Los Angeles advertisement director Max visits his friend, artist Charlie, who was diagnosed with A.I.D.S. in New York City. There he meets Karen, they are attracted to each other and after ...
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Non-linear film tells the sexual story of a film director from his life at age 5, 12 and 16, a man embarking on his first film in 1950s Tunisia, and finally to his current life. Along the ... See full summary »
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Shaw is an operative for the United Nations' covert dirty-tricks squad, using espionage and quasi-ethical tactics to secure peace and cooperation. When a shipping container full of dead ... See full summary »
Two girls, Carla and Lou meet on the street outside a loft waiting for their boyfriends. In a short time, they find out that they're waiting for the same guy - young actor Blake, who said ... See full summary »
Robert Downey Jr.,
Natasha Gregson Wagner
The successful writer and professor of architecture Nick Kaminsky returns from New York to Elderstown to visit his biological mother Lillian Anderson Munnsen that is terminal. Nick does not... See full summary »
Los Angeles advertisement director Max visits his friend, artist Charlie, who was diagnosed with A.I.D.S. in New York City. There he meets Karen, they are attracted to each other and after they meet later that day at the concert, they have a passionate night. Then he returns home to Los Angeles to his family, and wife Mimi. A year later, Max returns to New York City again to visit Charlie, who is now dying, and there he meets Karen again, who is married to Charlie's brother Vernon.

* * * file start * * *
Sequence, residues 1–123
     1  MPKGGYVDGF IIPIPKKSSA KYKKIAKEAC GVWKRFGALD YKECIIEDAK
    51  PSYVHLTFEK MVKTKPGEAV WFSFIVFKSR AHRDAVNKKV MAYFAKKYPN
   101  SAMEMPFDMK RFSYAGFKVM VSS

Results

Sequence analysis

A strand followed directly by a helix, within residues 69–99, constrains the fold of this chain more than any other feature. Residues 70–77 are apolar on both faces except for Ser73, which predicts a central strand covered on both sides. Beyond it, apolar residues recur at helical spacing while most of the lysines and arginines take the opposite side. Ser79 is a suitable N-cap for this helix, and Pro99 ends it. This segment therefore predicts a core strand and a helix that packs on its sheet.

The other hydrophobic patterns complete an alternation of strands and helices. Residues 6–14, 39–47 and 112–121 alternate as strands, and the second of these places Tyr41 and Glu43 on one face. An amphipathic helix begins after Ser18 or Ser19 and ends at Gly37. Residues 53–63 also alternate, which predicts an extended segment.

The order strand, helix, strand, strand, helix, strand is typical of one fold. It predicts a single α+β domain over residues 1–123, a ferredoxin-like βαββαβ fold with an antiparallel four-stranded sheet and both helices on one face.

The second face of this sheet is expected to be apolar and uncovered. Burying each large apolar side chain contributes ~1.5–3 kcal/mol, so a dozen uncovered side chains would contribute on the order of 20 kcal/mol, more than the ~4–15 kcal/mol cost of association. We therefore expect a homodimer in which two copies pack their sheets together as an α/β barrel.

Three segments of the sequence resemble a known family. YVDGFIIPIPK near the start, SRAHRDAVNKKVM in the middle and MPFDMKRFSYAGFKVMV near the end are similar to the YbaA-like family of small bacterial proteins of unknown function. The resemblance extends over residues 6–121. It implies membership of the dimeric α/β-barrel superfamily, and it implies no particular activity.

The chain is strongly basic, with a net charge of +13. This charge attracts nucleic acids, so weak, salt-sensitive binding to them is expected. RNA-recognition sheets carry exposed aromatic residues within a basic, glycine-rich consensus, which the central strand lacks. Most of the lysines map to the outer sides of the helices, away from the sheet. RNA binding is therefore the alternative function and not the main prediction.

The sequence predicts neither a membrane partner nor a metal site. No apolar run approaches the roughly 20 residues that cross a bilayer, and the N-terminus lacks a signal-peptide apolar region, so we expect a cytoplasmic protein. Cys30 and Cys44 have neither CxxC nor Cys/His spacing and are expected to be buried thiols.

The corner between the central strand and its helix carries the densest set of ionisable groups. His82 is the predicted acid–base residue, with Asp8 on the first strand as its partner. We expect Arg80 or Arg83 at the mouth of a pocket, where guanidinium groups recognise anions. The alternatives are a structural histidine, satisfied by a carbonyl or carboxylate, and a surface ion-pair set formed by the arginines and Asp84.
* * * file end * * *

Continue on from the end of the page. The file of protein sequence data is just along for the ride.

According to the book "Robert Downey, Jr. - The fall and rise of the comeback kid", Mike Figgis and Robert Downey, Jr. met at Kate Mantilini's, a restaurant on Wilshire Boulevard in Beverly Hills, to discuss this movie. Downey arrived two hours late, barefoot, high, and carrying a purse with a gun sticking out of it. Figgis was shocked at first, but started a conversation anyway. Downey, who had lost a lot of weight because of his addiction, still expected to be offered the lead role of Max. Figgis offered him the part of Charlie, a man dying of A.I.D.S. instead. This in turn, gave Downey a shock, but after taking a good look in the mirror (and doing a line of coke) he decided to accept the part. See more »
The photo that Max takes of Charlie gets mirrored when printed (for his funeral). See more »
I absolutely love this movie. Figgis' use of music gives me chills and I don't find some of the 'coincidences', in the movie's plot too unbelievable. Rather than being a clichéd Hollywood film on adultery, I've always thought it to be a joyful celebration of life in the face of mortality. Robert Downey Jnr. milks a whole scene for comedic effect solely with the use of his owl-like eyes. While a similar scene in your average film would be knee-deep in pap miserabilism. There is something subversive in the director and actors finding humour amidst such morbidity.
But it's the music that keeps me coming back. Figgis' enthusiasm for jazz is well in evidence here and there's even a neat use of Nina Simone's 'Exactly Like You'.
Natassja Kinski and Ming Na Wen don't hurt none either.
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